April 14, 2020
The annual Grand American World Trapshooting Championship is held each summer at the World Shooting & Recreational Complex in Sparta, Illinois. It is the largest shooting event of its kind in the world.
Each year, more than 5,000 of the world’s best trap shooters vie for its top prize, and the event draws contestants from each U.S. state, every Canadian province, and several foreign countries. Through the course of the 16-day event, more than 4 million targets are thrown, and at any given time there might be as many as 600 shooters on the firing line at once. The Amateur Trapshooting Association (ATA) organizes the event and handles reservations for the 1,000 campsites on the World Shooting & Recreational Complex grounds, all of which are booked prior to the event. Clearly, the “Grand” is an accurate name for this competition.
Every serious trap shooter, regardless of skill level, seems to dream of competing at the Grand American. The event has become so prestigious that some shooters enter the competition simply to say that they’ve shot the Grand. To toe the line in Sparta seems to add a level of authenticity to anyone’s shotgunning resume.
If you’re entering the competition with aims to make the finals, however, you’d better be on the top of your game. By the conclusion of the event, the field of 5,000 is whittled down to just a handful of the world’s best shooters. If you miss one out of 100, you’ve likely taken yourself out of the running for the championship.
“Perfect 100 out of 100 scores are not uncommon at this event,” said Lynn Gipson, executive director of the ATA. He added that many of the competitions are 200-target events, and even then, perfect scores are not unheard of.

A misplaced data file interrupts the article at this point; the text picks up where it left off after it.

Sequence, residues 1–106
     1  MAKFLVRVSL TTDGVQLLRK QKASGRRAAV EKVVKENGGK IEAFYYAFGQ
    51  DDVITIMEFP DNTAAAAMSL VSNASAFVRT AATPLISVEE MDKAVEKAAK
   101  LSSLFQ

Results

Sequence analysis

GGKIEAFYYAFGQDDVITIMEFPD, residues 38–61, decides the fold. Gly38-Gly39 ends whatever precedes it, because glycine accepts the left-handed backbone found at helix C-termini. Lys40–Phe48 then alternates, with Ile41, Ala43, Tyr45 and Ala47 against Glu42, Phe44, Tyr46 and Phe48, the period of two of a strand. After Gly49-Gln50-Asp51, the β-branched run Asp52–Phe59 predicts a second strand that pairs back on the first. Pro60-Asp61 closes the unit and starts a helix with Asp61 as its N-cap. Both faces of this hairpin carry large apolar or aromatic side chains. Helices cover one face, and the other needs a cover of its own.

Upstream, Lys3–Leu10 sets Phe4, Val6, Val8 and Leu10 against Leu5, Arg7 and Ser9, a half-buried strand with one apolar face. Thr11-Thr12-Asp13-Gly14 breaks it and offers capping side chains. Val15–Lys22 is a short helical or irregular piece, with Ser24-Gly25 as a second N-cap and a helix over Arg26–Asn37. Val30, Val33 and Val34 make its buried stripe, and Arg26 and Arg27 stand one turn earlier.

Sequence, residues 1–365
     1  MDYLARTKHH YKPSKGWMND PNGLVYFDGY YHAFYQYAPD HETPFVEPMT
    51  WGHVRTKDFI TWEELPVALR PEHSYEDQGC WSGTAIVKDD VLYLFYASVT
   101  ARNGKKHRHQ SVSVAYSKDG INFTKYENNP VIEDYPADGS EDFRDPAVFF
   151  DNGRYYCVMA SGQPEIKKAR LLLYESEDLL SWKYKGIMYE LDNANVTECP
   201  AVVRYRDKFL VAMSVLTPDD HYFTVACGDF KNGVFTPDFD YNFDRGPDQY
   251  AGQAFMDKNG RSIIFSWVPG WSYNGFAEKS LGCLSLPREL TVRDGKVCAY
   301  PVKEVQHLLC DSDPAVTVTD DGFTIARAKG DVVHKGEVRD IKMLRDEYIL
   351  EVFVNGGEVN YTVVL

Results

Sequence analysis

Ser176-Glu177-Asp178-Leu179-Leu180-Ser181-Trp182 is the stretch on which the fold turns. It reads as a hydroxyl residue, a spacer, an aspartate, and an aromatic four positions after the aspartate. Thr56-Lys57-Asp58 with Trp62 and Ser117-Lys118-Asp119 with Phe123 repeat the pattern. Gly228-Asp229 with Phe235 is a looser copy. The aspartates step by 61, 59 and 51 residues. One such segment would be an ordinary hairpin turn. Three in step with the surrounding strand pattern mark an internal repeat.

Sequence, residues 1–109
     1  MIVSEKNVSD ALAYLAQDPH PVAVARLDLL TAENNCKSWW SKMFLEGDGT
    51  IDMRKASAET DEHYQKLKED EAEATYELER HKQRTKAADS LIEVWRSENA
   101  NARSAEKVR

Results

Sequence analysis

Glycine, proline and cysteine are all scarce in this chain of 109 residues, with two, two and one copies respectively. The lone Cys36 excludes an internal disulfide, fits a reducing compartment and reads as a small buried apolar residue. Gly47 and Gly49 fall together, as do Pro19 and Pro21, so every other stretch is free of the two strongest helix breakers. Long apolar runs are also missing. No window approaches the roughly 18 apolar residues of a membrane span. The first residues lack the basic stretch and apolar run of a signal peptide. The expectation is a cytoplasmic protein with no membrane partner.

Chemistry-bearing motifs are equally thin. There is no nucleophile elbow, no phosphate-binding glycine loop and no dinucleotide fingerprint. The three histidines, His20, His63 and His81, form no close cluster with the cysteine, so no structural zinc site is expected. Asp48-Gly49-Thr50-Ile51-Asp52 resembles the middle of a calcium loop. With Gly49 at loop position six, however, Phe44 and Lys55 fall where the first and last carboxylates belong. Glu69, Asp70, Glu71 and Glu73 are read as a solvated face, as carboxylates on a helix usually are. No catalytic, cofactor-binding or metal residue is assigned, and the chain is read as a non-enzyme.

Here’s a look back at the Grand’s 120-year history and a breakdown of what it takes to compete today.
The Early Years
In 1900, the inaugural four-day Grand American was held at Interstate Park in Queens, New York, just across the East River from Manhattan and Times Square. There were just 20 shooters at the first Grand, and during the next two decades the event moved around the eastern United States. The year 1923 was the first year that the Grand American was held in Vandalia, Ohio, a suburb of Dayton, and the city would continue to host the event for more than 80 years.
“We leased the Vandalia property five years at a time,” Gipson said. “In 2000, the city of Dayton told us that it would be our last lease, so we had to find somewhere else to go.”
Moving an event like the Grand American isn’t easy, and the ATA had a difficult time locating a new venue capable of supporting thousands of shotgunners over multiple days. The Illinois Department of Natural Resources (IDNR) provided the answer in the form of a brand new, 1,600-acre facility designed to handle such a shooting event. To accommodate the thousands of shooters, the World Shooting Complex offers 124 trap fields as well as a large on-site campground and events center. In addition to its miles of trap fields, the World Shooting Complex also offers pistol bays, skeet fields and sporting clays courses. It also hosts other competitions throughout the year.